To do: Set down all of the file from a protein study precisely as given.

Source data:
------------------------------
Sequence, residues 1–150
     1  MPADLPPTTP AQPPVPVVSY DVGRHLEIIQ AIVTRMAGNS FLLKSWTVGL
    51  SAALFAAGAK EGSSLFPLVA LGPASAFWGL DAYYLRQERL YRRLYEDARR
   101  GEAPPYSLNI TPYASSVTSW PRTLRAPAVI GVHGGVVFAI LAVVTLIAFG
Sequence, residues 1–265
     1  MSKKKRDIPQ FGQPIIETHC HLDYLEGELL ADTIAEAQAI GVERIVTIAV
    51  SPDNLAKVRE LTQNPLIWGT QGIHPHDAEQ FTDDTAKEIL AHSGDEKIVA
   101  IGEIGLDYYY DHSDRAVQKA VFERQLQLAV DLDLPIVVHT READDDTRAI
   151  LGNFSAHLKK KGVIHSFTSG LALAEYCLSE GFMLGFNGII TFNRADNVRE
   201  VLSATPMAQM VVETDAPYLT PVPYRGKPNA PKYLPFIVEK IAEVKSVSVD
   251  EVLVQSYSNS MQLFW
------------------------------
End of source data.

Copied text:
Sequence, residues 1–150
     1  MPADLPPTTP AQPPVPVVSY DVGRHLEIIQ AIVTRMAGNS FLLKSWTVGL
    51  SAALFAAGAK EGSSLFPLVA LGPASAFWGL DAYYLRQERL YRRLYEDARR
   101  GEAPPYSLNI TPYASSVTSW PRTLRAPAVI GVHGGVVFAI LAVVTLIAFG
Sequence, residues 1–265
     1  MSKKKRDIPQ FGQPIIETHC HLDYLEGELL ADTIAEAQAI GVERIVTIAV
    51  SPDNLAKVRE LTQNPLIWGT QGIHPHDAEQ FTDDTAKEIL AHSGDEKIVA
   101  IGEIGLDYYY DHSDRAVQKA VFERQLQLAV DLDLPIVVHT READDDTRAI
   151  LGNFSAHLKK KGVIHSFTSG LALAEYCLSE GFMLGFNGII TFNRADNVRE
   201  VLSATPMAQM VVETDAPYLT PVPYRGKPNA PKYLPFIVEK IAEVKSVSVD
   251  EVLVQSYSNS MQLFW